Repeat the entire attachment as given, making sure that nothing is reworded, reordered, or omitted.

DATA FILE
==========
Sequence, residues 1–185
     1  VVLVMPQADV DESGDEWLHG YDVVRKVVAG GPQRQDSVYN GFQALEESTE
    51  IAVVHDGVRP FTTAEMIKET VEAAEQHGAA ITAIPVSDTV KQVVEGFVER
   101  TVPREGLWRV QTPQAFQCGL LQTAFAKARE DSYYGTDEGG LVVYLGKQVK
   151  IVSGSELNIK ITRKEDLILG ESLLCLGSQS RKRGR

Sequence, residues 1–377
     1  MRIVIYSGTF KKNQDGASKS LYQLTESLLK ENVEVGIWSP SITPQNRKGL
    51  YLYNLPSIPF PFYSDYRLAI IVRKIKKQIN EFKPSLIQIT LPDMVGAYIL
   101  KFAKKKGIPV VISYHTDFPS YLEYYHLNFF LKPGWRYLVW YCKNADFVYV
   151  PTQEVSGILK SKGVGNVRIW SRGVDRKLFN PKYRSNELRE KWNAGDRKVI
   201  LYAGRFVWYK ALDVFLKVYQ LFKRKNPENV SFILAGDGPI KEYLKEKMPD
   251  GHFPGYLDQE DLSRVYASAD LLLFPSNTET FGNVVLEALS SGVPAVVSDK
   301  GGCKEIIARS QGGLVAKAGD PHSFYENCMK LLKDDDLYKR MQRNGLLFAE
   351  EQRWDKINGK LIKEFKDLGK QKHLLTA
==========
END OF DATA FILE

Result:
Sequence, residues 1–185
     1  VVLVMPQADV DESGDEWLHG YDVVRKVVAG GPQRQDSVYN GFQALEESTE
    51  IAVVHDGVRP FTTAEMIKET VEAAEQHGAA ITAIPVSDTV KQVVEGFVER
   101  TVPREGLWRV QTPQAFQCGL LQTAFAKARE DSYYGTDEGG LVVYLGKQVK
   151  IVSGSELNIK ITRKEDLILG ESLLCLGSQS RKRGR

Sequence, residues 1–377
     1  MRIVIYSGTF KKNQDGASKS LYQLTESLLK ENVEVGIWSP SITPQNRKGL
    51  YLYNLPSIPF PFYSDYRLAI IVRKIKKQIN EFKPSLIQIT LPDMVGAYIL
   101  KFAKKKGIPV VISYHTDFPS YLEYYHLNFF LKPGWRYLVW YCKNADFVYV
   151  PTQEVSGILK SKGVGNVRIW SRGVDRKLFN PKYRSNELRE KWNAGDRKVI
   201  LYAGRFVWYK ALDVFLKVYQ LFKRKNPENV SFILAGDGPI KEYLKEKMPD
   251  GHFPGYLDQE DLSRVYASAD LLLFPSNTET FGNVVLEALS SGVPAVVSDK
   301  GGCKEIIARS QGGLVAKAGD PHSFYENCMK LLKDDDLYKR MQRNGLLFAE
   351  EQRWDKINGK LIKEFKDLGK QKHLLTA